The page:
Coal and Climate Change 2017  Report

Coal and Climate Change 2017  Report

The Report reveals that Turkey, which declared that it will not ratify Paris Agreement, has become fully dependent on all of the three imported fuels after 2010The report, which also examines the climatic events, shows that 2016 has been the fourth hottest year measured in Turkey and the second year in terms of climatic disasters.

Coal import is increasing in spite of natural gas and petroleum!

The report, which shows that the efforts of Turkey for popularizing natural gas since 1990 could stop neither coal nor petroleum, makes the observation that those three fuels have been racing in terms of increase since 2010. It is found out that energy consumption in Turkey increased by 75,9 million toe between 1990-2015 and that 70,2 million toe of this increase was caused by natural gas, petroleum and coal.

Wind YEKA competition shows how expensive coal is

Algedik, who stated that they reached another important finding besides imported coal dependency in the past years, in the report that is published this year, indicated that coal is more expensive than wind in spite of the provided incentives, and would be more expensive than all other sources without the incentives. The latest tenders held with the condition of local production of equipment resulted in prices of 6.99 cents for solar energy and 3.49 cent for wind, while Çayırhan B tender, which had imported machinery and equipment, was closed with a price of 6,04 cents.

Subvention of 2530 MW Imported Coal Plant

The report, which shows that subventions are provided for coal plants of 6.3 billion TL in 2016, reveals that plants with an installed power of 2530 MW, which will burn imported coal, have obtained various subventions. The author of the report, climate and energy expert, Önder Algedik, said: “We found out that a subvention of 2 billion TL has been directly or indirectly transferred to coal projects in 2016. The cost of this for the consumer is much bigger”. Algedik indicated that the problems would be completely solved by reserving this subvention for energy efficiency and climate-friendly energy, and a saving would be obtained from the foreign currency paid for coal and machine import and from the subventions for the investments.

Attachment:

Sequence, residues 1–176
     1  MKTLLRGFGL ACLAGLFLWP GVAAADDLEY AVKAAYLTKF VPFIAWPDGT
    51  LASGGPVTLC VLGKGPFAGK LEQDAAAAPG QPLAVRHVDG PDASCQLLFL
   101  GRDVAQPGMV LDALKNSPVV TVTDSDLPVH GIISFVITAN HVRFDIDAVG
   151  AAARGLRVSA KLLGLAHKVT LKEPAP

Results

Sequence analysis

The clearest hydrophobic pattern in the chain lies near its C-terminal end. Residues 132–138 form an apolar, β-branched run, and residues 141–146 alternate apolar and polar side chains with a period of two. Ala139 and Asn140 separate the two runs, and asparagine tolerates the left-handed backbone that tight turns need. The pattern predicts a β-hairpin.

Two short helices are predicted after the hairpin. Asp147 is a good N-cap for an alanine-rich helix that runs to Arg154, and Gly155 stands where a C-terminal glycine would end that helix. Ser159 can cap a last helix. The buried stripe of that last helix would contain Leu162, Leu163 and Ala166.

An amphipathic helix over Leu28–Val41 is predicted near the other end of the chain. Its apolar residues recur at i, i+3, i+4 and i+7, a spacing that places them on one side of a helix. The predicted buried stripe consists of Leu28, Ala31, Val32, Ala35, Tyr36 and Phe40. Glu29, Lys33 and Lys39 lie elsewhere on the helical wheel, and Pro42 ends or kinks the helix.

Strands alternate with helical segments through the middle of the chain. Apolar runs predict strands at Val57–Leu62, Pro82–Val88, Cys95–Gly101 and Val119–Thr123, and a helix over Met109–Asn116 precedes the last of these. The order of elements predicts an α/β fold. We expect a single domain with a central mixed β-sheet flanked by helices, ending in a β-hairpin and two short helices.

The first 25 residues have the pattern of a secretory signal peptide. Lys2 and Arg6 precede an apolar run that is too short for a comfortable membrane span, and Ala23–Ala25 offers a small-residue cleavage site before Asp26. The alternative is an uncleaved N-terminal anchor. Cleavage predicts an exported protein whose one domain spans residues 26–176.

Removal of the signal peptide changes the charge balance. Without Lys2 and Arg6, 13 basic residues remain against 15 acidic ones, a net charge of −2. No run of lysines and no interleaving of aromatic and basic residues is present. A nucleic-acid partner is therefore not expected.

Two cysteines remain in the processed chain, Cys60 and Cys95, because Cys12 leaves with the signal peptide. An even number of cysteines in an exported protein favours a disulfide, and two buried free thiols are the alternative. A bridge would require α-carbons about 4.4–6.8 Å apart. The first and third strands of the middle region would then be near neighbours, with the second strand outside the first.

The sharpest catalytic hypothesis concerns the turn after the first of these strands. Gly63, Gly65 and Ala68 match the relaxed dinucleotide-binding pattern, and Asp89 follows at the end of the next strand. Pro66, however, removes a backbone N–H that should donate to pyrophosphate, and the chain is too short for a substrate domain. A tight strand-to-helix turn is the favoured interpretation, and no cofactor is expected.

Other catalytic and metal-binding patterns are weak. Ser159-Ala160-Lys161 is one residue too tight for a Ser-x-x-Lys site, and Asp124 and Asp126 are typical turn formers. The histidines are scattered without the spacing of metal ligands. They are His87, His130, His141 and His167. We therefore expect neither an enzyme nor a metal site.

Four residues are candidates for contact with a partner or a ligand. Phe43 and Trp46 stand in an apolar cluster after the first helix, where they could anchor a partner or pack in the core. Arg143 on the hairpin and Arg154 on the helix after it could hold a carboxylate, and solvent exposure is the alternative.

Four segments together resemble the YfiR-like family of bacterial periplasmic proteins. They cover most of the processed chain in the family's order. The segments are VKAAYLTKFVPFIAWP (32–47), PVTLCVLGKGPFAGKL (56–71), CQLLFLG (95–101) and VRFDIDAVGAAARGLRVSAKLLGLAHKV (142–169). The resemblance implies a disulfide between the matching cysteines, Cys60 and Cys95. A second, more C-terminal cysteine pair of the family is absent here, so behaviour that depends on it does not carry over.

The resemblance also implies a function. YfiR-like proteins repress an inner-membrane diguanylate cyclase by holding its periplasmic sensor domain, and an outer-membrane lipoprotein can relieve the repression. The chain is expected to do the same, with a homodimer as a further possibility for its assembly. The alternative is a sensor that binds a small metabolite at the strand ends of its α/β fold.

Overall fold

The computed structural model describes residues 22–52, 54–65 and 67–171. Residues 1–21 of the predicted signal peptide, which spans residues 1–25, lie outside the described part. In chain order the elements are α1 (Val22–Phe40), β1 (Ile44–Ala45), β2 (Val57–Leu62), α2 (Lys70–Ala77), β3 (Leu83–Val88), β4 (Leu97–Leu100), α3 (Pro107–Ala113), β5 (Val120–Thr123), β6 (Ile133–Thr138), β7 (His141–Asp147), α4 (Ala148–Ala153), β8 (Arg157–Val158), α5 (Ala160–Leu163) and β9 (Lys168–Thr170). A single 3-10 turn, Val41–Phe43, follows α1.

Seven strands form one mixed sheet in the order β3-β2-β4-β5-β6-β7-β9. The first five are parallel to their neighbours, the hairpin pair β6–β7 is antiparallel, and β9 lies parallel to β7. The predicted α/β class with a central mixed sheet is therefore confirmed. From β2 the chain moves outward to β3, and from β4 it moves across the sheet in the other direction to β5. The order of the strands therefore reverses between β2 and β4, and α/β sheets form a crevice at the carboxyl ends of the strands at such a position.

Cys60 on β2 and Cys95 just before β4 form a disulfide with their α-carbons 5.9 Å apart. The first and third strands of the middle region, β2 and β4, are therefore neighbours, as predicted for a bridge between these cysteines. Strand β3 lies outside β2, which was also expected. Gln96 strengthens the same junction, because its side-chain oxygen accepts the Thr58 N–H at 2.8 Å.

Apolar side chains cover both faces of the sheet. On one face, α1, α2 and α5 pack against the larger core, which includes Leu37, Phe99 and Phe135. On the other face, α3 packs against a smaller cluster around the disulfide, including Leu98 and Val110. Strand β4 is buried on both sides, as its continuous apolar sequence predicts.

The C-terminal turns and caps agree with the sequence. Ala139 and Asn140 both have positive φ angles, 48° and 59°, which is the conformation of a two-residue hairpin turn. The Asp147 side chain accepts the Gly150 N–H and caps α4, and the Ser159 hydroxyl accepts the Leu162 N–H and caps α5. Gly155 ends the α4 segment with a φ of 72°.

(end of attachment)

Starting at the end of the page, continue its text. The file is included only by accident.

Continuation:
Paris Agreement is not ratified for more energy import!

The greenhouse gases emitted by Turkey to the atmosphere increased from 214 million tons in 1990 to 475.1 million tons in 2015. 205,7 million tons of 261,1 million tons increase that occurred in 25 years has been energy sector – sourced. Algedik indicated that those policies are the findings showing that Turkey did not ratify Paris Agreement in order to sustain coal, petroleum and natural gas import.

Primary energy usage of Turkey

9 facts from the report:

  1. 2016 has been the fourth hottest year measured in Turkey and the second year in terms of extreme climatic events occurred most.
  2. Turkey increased greenhouse gas emissions by 262 million tons in 25 years between 1990-2015 and now wants to increase them by an additional 454 million tons until 2030 in accordance with INDC.
  3. Due to increasing fossil fuel dependency, the share of non-fossil energy decreased from 18% in 1990 to 12% in 2015.
  4. While Turkey had no imported coal plants until 2000, it reached an installed power of 7 GW today. With 62 plants that Turkey has today, imported plants are producing more electricity in spite of their installed power of 16,7 GW.
  5. Turkey had 20,2 GW of the imported coal power project in the pipeline despite 5 GW of local coal power plant project. When those plants are completed, the coal plant emissions of Turkey will be in excess of all emissions in 1990.
  6. In spite of the bids submitted for wind and solar energy tenders and relatively cheap prices, Turkey offered 6,04 cents/kwh for Çayırhan B coal power plant project with 15 years of purchase guarantee.
  7. 2 billion TL incentives have been provided for coal only in 2016,. Despite “local coal” discourse, 2530 MW of imported coal projects benefited from the incentives.
  8. Turkish Banks supported fossil fuel investments. 7 Turkish banks provided loans for a total of 9 GW coal plants.
  9. Between 1990-1999, an average of 67 extreme climatic events occurred in Turkey. With factors such as imported fossil fuels and urbanizations, this has increased to 752 events in 2016. Turkey’s high carbon economy will give rise to more irreparable consequences.

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